Donald Downs was an undergraduate at Cornell in April 1969 when over eighty armed black students seized Willard Straight Hall in a carefully planned takeover of the student union building on Parents' Weekend. His account is based on material in the Cornell University archives (including Cornell President James Perkins's papers and other administration documents), on interviews conducted by Cornell students during and immediately after the crisis as part of an oral history project, on recent interviews, and on an unpublished account of the crisis compiled by a journalist in the Cornell Public Information Office and a Cornell senior who was one of the main interviewers for the oral history project.
Downs begins with a twenty-two page overview of the crisis, and proceeds with a fairly straightforward chronological account of the issues leading up to the armed occupation. He divides his account into three parts. In Part I, he examines the issues that led to the Straight takeover: the rise of (nonracial) student activism at Cornell and elsewhere; racial activism at Cornell and the foundation of the Afro-American Society; the McPhelin case; the foundation of the black studies program; and the judicial board struggles. Part II looks at the Straight crisis and the faculty counterrevolt that followed: a chapter is devoted to each day from the takeover to the second faculty vote. Finally, in Part III, he outlines the circumstances that led to Perkins's resignation and, in perhaps the most valuable part of the book, reflects upon the implications of the crisis at Cornell in 1969 and the fundamental questions--about the relationship between racial justice and academic freedom, teaching identity politics, and the role of the university in a democracy--it still raises. According to Downs:
The Cornell story is about the failure of liberalism to protect intellectual freedom in the face of imperative social justice claims, thereby providing a blueprint for the severing of these principles that compromises higher education to this day. (20-1)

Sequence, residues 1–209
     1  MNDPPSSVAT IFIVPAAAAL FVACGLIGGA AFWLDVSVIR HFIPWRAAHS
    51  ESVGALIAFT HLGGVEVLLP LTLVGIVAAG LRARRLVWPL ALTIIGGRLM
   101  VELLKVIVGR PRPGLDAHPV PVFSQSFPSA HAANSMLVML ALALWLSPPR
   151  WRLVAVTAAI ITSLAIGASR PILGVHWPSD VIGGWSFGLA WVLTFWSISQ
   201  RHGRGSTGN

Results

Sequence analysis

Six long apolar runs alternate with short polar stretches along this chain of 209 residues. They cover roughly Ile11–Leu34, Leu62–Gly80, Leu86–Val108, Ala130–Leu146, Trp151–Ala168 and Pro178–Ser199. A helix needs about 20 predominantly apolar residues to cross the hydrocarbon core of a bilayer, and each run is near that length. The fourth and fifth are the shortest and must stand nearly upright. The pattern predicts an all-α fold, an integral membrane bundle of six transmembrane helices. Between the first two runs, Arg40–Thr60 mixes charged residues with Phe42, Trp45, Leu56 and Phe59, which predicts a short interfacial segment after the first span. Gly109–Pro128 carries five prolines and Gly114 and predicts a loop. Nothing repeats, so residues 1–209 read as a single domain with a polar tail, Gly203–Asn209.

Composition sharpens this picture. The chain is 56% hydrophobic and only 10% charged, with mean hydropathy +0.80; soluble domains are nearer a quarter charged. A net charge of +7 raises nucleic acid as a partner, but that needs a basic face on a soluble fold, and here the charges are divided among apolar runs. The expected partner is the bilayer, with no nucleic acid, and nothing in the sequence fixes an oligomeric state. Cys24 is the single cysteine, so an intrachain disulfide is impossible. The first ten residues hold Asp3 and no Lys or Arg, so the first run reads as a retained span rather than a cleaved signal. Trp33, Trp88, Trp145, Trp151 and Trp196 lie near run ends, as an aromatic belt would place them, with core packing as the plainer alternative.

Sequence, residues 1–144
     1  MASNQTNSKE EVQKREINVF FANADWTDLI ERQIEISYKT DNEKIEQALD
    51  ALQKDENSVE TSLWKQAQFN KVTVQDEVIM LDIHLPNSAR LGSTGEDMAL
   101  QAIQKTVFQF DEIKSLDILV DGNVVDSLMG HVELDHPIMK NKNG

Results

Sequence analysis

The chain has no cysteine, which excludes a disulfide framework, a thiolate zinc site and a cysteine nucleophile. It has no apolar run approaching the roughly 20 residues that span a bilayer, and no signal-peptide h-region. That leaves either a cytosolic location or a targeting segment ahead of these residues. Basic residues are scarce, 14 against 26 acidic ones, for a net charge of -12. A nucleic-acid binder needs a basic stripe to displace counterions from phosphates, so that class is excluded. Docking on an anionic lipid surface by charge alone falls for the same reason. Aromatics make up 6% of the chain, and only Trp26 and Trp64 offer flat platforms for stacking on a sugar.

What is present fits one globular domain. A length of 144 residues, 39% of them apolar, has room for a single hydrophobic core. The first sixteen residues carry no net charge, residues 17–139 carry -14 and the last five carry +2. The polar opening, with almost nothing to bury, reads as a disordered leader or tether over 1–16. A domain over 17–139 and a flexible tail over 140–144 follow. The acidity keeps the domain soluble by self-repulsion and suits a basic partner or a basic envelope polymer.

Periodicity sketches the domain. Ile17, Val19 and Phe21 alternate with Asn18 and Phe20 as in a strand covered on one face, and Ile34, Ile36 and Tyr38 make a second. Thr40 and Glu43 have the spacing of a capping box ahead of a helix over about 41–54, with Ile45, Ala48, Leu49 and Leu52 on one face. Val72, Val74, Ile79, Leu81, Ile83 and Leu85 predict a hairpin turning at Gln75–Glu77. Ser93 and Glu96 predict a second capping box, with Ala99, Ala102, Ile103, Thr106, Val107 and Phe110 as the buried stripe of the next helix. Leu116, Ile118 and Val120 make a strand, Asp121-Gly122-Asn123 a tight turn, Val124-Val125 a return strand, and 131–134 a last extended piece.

He concludes with a very useful chronology of events and an eight page list of the key players in the crisis as well as others who were more peripherally involved.
In 1963, Perkins established the Committee on Disadvantaged Students--later renamed the Committee on Special Educational Projects (COSEP)--which was designed to "recommend and initiate programs [for] students who have been disadvantaged by their cultural, economic, and educational environments" (46-7). In the beginning, no one considered black studies as part of the committee's mandate--it was to be a recruitment and fund-raising tool, not an academic program--indeed, whilst black students were the primary beneficiaries of the program, at least in theory anyone considered "disadvantaged" (including whites) could apply. "Committee members, many of whom were active in the civil rights movement, wanted something more radical" than the traditional programs for the disadvantaged: they wanted to actively recruit ghetto students to Cornell (47-8). They had little administration guidance (Perkins rarely attended their meetings) and because of fears that the faculty would raise questions about standards and fairness of a program to provide scholarships to less-qualified black students but not to similarly qualified white students (despite many well qualified students, median SAT scores for COSEP students were, on average, some 230 points lower than those for all freshmen at Cornell), the program operated without the usual faculty oversight.